Prohibition in the time of Corona

Minus 2 days to country-wide lockdown in the Republic of South Africa, wherein people are confused as to the meaning of ‘midnight’ and prohibition is the new norm.

Stats: Officially, 709 positive cases of Covid-19, 12 recovered, 2 critical, and still not one single death.  We have been compared to Germany for the exceptional handling of this virus – a very high compliment indeed. Also, it’s believed that Americans want to borrow our President for a few months.  Sorry, no, we need him.

My day has been less than productive. I volunteered my services to assist with local Meals on Wheels food distribution but was talked out of it by my little household.

I had a midday nap and woke up feeling rotten. I guess I won’t be the only one experiencing psychosomatic flu symptoms.

I’ve just watched all our sSecurity cluster ministers present details of how this lockdown will work. (A rare instance of actually watching government in action when it works well, quite satisfying in a way). I hate this feeling of impending doom. It’s as if something’s about to happen, except it’s already begun.  The planned mass roll out of testing will result in a massive surge in numbers. It’ll frighten people who don’t realise that we are not testing enough and not gathering enough data on who and where the infections are.

Stockpiling continued frantically today throughout the country, or so I heard. This little peninsula can’t deal with traffic jams at the best of times and apparently today was worse than pre-Christmas. Our leading supermarket chain, Pick n Pay, arranged an online collaboration of some of our best local artists to produce this.

If not for Covid-19 I might be at the Cape of Good Hope today. It’s one of my favourite places to visit and to showcase to tourists. Oh blimey, tourists … my last tour was almost two weeks ago. My clients went straight into 14-day quarantine when they landed back home in Montreal and that’s almost over now. I will email them this weekend to get an update.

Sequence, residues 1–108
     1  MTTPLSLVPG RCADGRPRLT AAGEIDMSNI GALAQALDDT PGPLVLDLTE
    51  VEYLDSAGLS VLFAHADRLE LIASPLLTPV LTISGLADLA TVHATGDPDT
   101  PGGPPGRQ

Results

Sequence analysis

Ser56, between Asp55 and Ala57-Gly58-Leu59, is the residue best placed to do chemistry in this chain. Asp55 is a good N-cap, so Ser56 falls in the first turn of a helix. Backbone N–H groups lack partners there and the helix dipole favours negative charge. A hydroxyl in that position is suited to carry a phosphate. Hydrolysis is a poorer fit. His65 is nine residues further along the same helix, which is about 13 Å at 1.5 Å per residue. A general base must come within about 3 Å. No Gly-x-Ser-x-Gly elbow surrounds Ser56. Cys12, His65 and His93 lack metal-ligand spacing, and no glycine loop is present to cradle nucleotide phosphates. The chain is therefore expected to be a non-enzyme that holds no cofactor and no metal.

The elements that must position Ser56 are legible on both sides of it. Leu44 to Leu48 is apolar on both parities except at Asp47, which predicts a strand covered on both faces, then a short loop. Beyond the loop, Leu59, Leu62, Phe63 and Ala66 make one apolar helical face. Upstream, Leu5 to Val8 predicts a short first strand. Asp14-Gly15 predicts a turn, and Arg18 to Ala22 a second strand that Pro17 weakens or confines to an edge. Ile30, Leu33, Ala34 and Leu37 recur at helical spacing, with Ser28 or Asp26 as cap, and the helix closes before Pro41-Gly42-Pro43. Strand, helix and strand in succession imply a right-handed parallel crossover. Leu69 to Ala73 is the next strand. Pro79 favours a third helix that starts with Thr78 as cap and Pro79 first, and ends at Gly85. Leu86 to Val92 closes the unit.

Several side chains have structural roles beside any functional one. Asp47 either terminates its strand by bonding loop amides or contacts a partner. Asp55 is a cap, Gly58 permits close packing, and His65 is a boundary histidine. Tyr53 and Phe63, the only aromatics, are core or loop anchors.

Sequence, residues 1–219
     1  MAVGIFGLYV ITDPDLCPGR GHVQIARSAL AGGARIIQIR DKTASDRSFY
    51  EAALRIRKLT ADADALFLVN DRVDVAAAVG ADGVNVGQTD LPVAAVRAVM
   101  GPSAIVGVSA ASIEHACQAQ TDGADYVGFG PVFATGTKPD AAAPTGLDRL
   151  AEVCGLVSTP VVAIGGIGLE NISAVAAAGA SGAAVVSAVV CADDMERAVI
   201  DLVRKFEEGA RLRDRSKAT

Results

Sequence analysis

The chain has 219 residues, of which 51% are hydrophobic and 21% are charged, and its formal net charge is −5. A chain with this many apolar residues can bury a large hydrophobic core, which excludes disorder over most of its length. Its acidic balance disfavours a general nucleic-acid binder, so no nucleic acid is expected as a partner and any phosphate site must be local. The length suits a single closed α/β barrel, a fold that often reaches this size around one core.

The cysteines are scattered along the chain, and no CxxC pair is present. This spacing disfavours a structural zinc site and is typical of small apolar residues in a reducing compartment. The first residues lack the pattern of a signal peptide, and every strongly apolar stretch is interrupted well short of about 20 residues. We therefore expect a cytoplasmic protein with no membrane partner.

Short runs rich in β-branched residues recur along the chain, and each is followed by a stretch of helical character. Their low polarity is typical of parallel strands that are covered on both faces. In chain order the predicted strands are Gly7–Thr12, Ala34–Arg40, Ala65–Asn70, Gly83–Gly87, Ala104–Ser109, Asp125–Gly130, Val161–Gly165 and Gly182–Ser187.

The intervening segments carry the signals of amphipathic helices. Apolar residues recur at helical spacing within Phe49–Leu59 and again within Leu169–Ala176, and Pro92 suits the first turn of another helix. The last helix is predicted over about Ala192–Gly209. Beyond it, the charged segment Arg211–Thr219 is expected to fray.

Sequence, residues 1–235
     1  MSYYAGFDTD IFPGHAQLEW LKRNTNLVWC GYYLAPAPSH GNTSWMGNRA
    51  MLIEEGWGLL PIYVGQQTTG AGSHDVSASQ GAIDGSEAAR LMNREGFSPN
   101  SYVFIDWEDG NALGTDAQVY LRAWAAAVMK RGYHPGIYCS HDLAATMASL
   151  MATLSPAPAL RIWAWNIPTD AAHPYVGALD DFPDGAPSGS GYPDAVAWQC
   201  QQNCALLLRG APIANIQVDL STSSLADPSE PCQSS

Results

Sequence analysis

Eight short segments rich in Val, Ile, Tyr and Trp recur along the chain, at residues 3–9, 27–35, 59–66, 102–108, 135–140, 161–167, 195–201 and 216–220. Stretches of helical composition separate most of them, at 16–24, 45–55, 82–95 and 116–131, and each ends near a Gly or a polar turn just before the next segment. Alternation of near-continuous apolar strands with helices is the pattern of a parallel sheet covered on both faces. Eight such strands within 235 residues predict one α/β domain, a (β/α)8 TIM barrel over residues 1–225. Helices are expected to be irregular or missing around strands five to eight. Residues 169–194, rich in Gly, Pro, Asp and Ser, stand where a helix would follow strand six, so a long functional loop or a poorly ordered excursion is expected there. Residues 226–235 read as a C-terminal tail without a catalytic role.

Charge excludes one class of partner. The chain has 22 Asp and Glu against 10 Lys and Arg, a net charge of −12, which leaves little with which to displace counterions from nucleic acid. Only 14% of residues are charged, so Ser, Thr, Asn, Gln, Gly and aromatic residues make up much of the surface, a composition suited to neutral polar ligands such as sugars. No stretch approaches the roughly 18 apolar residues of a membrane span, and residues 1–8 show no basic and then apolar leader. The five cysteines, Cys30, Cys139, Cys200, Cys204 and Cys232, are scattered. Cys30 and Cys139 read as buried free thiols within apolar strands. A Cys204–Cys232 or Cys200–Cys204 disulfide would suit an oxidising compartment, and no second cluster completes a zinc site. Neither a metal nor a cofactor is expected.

14 baboon

The most common animal to see at Cape Point – the Chacma Baboon. Naughty, greedy and completely out of hand now that they associate man with food.

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At the precise spot known as the Cape of Good Hope, the most south-western spot of the African continent, there is a strip of beach covered in stones of all shapes and sizes. People can’t resist making cairns. The sea and the park rangers come along and knock them all down and the next day it starts again.

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One of the best things to do down there is a short and not strenuous hike along the cliffs. It allows the visitor to enjoy views not visible from the road.

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Pristine beaches, cliffs eroded over millions of years, views to die for!

 

 

 

 

Pinotage and a white mini-dress

CapePoint

The story starts here, at the Cape Point parking lot.